Loosely adapted from the Greek myth Oedipus Rex, Toshio Matsumoto’s 1969 arthouse classic Funeral Parade of Roses still refuses easy categorisation. The film centres around gender non-conforming sex workers or “gay boys” presenting as women during the US occupation of Japan in the early 1950s. The film’s narrative mostly follows Eddie (Pita) and her love affair with straight, sex club owner, Gonda (Toshio Tsuchiya); the affair becomes complicated when Eddie enters a sex-induced, raging jealousy over Gonda’s other transgender lover…
Baz was certainly the man for the job. He manages to capture all the pizzazz and intensity of Elvis’ life in glorious fashion. This thing is bloody long but it’s pretty much a front to back of the Elvis story. Not sure I love the function of Tom Hanks’ character here, feels like the gave him a bit too much screen time. Austin Butler is an absolute force.
Cooper Raiff is on fire. He's certainly built on what he started on Shithouse with such emotional intelligence, Cha Cha Real Smooth is a unique display of coming-of-age charm. Every performance lands firmly on its feet, I think we'll get a Cooper Raiff explosion if not now, within the next few years. Very, very sad this went straight to streaming, hopefully we can pile into the cinema for Raiff's next feature.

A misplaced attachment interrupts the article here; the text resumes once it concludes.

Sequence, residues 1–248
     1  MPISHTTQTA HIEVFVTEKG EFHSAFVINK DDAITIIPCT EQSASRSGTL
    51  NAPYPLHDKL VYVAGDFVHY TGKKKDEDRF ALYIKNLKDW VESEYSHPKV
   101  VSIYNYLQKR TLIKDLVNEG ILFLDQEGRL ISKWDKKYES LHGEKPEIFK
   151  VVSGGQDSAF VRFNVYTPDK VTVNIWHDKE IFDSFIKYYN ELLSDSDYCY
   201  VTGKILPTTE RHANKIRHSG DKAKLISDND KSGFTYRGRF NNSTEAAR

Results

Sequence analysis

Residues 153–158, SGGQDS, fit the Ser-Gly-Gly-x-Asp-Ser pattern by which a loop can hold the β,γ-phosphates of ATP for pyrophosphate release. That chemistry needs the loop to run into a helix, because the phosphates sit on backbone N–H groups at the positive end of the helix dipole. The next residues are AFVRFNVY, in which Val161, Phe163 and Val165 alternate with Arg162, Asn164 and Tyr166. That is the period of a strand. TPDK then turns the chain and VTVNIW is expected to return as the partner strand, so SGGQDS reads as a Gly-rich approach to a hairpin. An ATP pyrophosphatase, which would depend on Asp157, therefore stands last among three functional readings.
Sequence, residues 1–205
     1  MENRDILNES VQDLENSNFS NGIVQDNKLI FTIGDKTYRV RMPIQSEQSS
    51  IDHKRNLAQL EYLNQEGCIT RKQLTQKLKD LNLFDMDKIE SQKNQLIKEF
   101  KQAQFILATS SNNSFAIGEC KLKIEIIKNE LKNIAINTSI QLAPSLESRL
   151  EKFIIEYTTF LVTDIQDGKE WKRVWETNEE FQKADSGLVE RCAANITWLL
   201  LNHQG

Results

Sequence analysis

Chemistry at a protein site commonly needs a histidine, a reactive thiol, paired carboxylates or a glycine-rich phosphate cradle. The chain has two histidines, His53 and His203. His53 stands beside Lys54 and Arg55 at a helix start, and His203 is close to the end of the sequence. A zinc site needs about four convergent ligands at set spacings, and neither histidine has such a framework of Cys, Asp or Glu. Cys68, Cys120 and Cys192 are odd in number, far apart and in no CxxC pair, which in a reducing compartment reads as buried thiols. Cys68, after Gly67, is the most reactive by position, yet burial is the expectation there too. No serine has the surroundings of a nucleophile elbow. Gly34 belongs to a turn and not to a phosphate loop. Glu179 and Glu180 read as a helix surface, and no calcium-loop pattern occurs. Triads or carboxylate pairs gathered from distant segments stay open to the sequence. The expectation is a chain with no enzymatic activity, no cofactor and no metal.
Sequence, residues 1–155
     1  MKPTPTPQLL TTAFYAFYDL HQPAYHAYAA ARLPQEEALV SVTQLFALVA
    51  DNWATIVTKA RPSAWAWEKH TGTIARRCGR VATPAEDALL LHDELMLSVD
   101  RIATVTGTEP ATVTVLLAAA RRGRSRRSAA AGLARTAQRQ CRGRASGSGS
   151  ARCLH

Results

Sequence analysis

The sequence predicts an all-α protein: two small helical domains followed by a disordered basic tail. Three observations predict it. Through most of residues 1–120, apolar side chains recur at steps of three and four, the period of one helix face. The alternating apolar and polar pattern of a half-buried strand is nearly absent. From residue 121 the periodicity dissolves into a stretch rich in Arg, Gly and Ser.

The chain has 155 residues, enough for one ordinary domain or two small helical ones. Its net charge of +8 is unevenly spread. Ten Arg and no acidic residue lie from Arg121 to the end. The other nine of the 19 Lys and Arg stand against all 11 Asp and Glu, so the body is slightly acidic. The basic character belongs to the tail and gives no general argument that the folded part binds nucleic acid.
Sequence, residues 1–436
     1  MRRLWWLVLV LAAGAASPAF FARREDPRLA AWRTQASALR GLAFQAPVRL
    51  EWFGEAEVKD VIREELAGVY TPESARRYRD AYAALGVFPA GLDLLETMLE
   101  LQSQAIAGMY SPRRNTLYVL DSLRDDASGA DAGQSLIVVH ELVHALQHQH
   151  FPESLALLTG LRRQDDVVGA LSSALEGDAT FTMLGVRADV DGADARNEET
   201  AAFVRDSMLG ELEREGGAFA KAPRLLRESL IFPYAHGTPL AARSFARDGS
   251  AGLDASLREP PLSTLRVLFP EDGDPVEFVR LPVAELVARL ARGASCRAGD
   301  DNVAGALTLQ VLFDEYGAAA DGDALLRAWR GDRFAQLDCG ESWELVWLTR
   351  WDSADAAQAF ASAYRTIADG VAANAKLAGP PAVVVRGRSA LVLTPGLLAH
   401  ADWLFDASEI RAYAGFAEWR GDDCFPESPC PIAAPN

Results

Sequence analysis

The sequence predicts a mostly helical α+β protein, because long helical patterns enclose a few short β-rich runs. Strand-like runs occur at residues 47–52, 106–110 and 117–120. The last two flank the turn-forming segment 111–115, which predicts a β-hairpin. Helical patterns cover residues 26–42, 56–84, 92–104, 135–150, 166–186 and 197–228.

In Tarkovsky's most personal piece of cinema, the audience is taken on a journey through the mind of one of cinema's true masters. Mirror is a deeply subjective experience, an entirely personal experience for every different person. This is true art; a film that can be analysed to a certain point, until the experience is completely up to the viewers' interpretation.
Movies like Mirror are what make me love cinema. Being a predominantly visual art form, filmmakers have the opportunity…
So I seem to have the same reaction to Tarkovsky movies each time I watch one for the first time, where I will be intrigued by the film although won't be able to gather much of an understanding on it until a second viewing... while this is to a certain point the case with Andrei Rublev (and I can't wait for a re-watch), I found this edition in…